Paintings, sculptures and everything in between were on display during the two-day Art Walk held in downtown Washington.
While the participating artists say they are grateful for the chance to sell their wares to buyers, they are even more grateful for the opportunity to showcase different types of art to the public.
For Sandra Mays, of Villa Ridge, that meant bringing her cheerfully colored paintings to downtown Washington and inside Loyal Bella, 120 Elm St.
âArt is in our lives every day and in every way. We, as artists, see it, but sometimes other people donât see it,â said Mays, a first-time Art Walk participant, who added that she has been inspired in the past by a particular cloud formation, the pattern on the floor tile, by a fabric pattern or simply an emotion she is feeling.
Mays was one of seven artists who participated in the biannual Art Walk Oct. 16-17, which featured artists manning their own galleries, creating temporary displays in downtown Washington businesses and installing artistic displays on sidewalks.
One of the artists setting up a display on a sidewalk was Timothy Wagner, of Defiance, who is a classically trained mixed media artist with degrees from Webster University and Fontbonne University.
âI will reclaim any material, whether that is a block of wood, a vinyl record, some paper or a canvas, to create an image,â Wagner said. His display, which was located outside of Vintage Trader, 204 Elm St., included vinyl records that had been repurposed with splashes of color, animal prints and other imagery.
Wagner said this was his first time participating in an Art Walk in Washington, and he thought the event was a success.
âFor people who maybe donât get a chance to go physically see 18th- and 19th-century artists in a museum or get to go to an art gallery, this is a very beneficial way for them to be exposed to art. For them to be able to see a living artist, maybe see how the artist creates, and for them to see an artist who can talk to them, answer their questions,â Wagner said.
He added that he appreciated how Art Walk was kept in-person and not moved online to a virtual format due to the COVID-19 pandemic.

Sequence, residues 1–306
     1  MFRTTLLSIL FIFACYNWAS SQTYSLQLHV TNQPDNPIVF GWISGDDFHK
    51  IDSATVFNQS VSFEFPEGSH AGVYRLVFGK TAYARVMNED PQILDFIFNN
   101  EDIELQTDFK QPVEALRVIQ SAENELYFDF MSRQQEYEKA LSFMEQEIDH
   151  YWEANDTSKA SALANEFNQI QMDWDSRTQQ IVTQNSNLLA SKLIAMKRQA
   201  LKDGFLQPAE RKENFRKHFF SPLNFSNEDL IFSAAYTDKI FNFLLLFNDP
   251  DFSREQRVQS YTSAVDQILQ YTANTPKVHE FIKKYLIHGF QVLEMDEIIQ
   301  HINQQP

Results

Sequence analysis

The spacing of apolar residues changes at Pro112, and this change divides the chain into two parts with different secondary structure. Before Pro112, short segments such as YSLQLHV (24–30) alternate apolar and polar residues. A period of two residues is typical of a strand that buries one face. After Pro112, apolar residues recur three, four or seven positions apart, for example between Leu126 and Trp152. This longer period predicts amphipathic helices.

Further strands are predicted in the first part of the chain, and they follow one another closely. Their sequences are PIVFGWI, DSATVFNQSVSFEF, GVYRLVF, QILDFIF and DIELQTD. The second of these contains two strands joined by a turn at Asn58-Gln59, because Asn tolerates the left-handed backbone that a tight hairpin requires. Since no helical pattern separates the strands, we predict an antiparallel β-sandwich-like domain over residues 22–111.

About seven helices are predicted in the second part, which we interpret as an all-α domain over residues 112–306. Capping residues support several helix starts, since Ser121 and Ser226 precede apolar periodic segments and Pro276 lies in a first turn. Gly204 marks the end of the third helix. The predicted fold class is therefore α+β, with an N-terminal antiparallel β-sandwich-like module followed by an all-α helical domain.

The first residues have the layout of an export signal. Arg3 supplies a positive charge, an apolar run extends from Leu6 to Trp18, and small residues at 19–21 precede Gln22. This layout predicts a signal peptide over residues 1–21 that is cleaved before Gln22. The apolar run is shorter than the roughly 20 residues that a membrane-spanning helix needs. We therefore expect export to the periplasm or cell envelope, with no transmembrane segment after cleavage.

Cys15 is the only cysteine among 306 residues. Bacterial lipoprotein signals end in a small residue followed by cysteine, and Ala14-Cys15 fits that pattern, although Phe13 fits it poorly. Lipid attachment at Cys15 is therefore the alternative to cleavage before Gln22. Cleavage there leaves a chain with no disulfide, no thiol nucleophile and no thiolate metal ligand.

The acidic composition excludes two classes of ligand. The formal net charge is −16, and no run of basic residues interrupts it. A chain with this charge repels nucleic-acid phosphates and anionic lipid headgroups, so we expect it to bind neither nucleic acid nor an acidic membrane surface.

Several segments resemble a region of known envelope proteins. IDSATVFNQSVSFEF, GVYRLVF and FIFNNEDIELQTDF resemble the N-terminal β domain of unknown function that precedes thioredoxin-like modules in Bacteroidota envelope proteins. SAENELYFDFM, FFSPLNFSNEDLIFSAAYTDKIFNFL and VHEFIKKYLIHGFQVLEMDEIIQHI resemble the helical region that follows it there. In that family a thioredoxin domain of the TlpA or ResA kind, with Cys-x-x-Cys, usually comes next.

âYou can see almost any artistâs work online, but you canât go out and pick it up online. You canât step back and admire it online. You canât touch it or see its texture online. Those are only things that you can do in person,â Wagner said.
Across town at the Shattered Glass Designs, Wendy Smith-Moore and Ashley Harp had a variety of glass art items on display in the gallery, which is located at 1170 W. Fifth St.
Smith-Moore said several new faces had come into the gallery during this past weekendâs event.
âWeâve had a really good flow of people in all weekend,â Smith-Moore said on Saturday. Some of those coming into the gallery made purchases, while others signed up to participate in future classes at the gallery.
âI think this weekend is so important for a couple of reasons. If the people who come into the gallery are able to glean anything from something that we have here or something that one of the other artists have in their galleries, it is that art adds so much to our lives, it opens up so many new fields in their personal lives, and that people need to be creative,â said Smith-Moore, who has taught art for 30 years, including teaching at St. Ignatius School.
âAnd when people create art, take me for example, I am not very good at stained glass, but I am good at taking broken glass pieces and making them into a picture,â Smith-Moore said. âWe all have our strengths and art helps us appreciate them.â
Mays echoed Smith-Moore, adding, âAs an artist, you have an extreme appreciation for what other artists create and for what comes forth from them in their art. Life is difficult enough, but art has the ability to lift us up.â
Other artists participating in Art Walk were Jim Peters, watercolorist; Andy McCoy, metal artist; and Russell Irwin, paper mosaic. Art students from Our Lady of Lourdes and St. Francis Borgia schools also had art on display.
The event was sponsored by the Division of Tourism of the Washington Area Chamber of Commerce. Proceeds from the donation jars, which were available at each of the artistâs locations, will benefit Graceâs Place, a Washington-based licensed emergency shelter for children and youth.